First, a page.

Norman, Geraldine, The Independent (London, England)
A TABLE for 10 at the dinner being given tomorrow night at Charles Saatchi's art gallery in St John's Wood, north London, costs pounds 1,500. You don't have to be a genius to realise that no one is paying that kind of money just to get a preview of the photography exhibition, "A Positive View", which the dinner is ostensibly celebrating, while at the same time raising money for two charities. The exhibition is open to the public, free, from Wednesday.
The 500 guests will be turning up to be seen by each other at a significant social event, organised by Lady Palumbo and Lady Rayne, two of Princess Diana's closest advisers, in "dear Charles's" gallery. Princess Diana is also the patron of both the charities. It is going to be a big social scene - but that should not be allowed to overshadow the exhibition itself.
The show, which is sponsored by Vogue, is billed as an overview of contemporary photography. It contains some 200 photographs, mainly taken over the last five years, about half of them in colour and several in very large format: they go up to 10ft or so. It cannot be described as a survey - the selection is too random and a bit over-Vogued - but the show is spectacular, unusual in presenting photography as "art" in an art gallery, and it includes some great prints.
It is essentially a charity auction which has turned into an exhibition. The showing at the Saatchi Gallery runs from 14-30 September. On 3 October, the photographs will be moved to Bond Street and go on exhibition at Sotheby's for three days; at 7.30pm on 5 October, roughly 150 will be auctioned. Charity auctions are notorious for providing the opportunity to buy good art cheap; the wealthy do-gooders who make up most of the audience are not generally connoisseurs.
The method of selecting the photographs was very odd. First, some 200 leading photographers were asked if they would contribute two prints to a charity auction. The organisers had not bargained for the generosity of the response; they ended up with 400 works from 14 countries. Then Sotheby's pointed out that you could not have more than 150 lots in a charity sale, otherwise it would go on too long and the patrons would get fed-up and leave. The donations were vetted and 250 rejected - which led some photographers to take offence.
Then it was decided that the exhibition needed some extra highlights. So Charles Saatchi agreed to lend some works by famous "artist" photographers from his own collection: Cindy Sherman, for instance, the American who dresses up and photographs herself in different roles; and Andres Serrano, who photographed a crucifix in a bottle of urine and caused a rumpus that reached right up to the US Senate. Photo pieces by David Hockney and Jeff Koons have been borrowed from commercial galleries and some older photographs are on loan from the Vogue archive, including the spectacular picture by John Deakin of a young Francis Bacon holding half a sheep's carcass in each hand.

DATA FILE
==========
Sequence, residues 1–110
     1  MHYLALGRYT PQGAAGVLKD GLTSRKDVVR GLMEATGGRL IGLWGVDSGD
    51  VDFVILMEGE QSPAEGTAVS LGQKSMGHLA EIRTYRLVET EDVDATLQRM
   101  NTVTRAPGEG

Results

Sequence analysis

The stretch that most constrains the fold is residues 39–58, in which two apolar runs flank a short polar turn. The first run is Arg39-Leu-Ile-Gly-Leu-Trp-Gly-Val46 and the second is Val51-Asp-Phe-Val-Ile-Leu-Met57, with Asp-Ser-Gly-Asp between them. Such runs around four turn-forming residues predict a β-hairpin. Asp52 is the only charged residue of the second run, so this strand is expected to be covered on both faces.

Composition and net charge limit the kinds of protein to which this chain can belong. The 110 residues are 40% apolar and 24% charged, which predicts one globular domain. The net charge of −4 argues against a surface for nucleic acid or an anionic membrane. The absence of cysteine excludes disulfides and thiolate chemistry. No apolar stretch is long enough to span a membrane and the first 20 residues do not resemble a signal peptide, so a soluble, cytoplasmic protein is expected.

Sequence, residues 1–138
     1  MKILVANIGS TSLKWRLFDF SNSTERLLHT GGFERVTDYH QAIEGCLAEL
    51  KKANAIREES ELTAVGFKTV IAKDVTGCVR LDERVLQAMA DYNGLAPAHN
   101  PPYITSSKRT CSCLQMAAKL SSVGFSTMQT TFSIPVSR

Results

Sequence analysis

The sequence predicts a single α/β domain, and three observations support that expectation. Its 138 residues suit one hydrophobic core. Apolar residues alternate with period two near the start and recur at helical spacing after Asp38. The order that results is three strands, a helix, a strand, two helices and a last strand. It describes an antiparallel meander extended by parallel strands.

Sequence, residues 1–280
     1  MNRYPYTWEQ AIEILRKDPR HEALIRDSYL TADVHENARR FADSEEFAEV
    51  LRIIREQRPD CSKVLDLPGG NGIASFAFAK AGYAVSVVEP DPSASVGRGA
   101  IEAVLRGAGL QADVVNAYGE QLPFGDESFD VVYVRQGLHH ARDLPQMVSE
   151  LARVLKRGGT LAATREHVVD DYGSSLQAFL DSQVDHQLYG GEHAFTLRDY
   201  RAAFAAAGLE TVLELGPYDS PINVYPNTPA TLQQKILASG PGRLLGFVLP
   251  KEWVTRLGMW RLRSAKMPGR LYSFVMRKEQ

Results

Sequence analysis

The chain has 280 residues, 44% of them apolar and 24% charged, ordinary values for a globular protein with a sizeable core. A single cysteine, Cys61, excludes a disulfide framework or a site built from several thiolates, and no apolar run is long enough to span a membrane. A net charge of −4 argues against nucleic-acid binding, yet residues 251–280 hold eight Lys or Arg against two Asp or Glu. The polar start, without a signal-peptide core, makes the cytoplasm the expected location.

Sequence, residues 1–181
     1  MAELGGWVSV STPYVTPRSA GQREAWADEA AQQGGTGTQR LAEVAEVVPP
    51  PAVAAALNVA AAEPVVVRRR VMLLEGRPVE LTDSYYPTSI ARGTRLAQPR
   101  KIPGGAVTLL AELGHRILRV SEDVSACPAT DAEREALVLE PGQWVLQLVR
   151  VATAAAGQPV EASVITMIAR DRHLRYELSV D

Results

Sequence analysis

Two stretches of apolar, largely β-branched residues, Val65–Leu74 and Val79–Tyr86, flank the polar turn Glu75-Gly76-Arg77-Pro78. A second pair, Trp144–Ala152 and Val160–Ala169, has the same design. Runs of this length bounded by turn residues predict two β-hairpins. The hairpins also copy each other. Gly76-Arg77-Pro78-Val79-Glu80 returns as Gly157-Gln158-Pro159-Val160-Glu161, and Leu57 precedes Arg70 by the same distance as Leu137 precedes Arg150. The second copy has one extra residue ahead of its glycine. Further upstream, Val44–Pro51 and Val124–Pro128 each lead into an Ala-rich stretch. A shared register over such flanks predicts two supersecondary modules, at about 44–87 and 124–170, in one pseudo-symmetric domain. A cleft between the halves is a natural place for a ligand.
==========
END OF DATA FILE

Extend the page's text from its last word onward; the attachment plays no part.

The sale will be a major event. Sotheby's has cancelled its autumn photography auction so as not to overload the market. Lord Snowdon has given two great images: a study of the sculptor Eduard Paolozzi's hand made in 1988; and a 1992 picture of the enfant terrible of the art world, Damien Hirst, sitting naked in a fish tank (estimates pounds 800- pounds 1,600).
Another royal associate, Koo Stark, has contributed two 1990 nipple studies, The Scream and A Right Tit, which make up in sensation what they lack in artistic finesse ( pounds 500- pounds 1,000). Annie Leibovitz, currently one of the most fanatically admired of all celebrity photographers, has sent in a photograph of Bruce Springsteen at the wheel of his car at Asbury Park, New Jersey, in 1987 ( pounds 1,000- pounds 2,000).
Serious photography buffs will be more excited by Bill Brandt's two nude studies of 1952 and 1956 - both later …
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Publication information: Article title: Art Market. Contributors: Norman, Geraldine - Author. Newspaper title: The Independent (London, England). Publication date: September 11, 1994. Page number: Not available. © 2009 The Independent - London. Provided by ProQuest LLC. All Rights Reserved.
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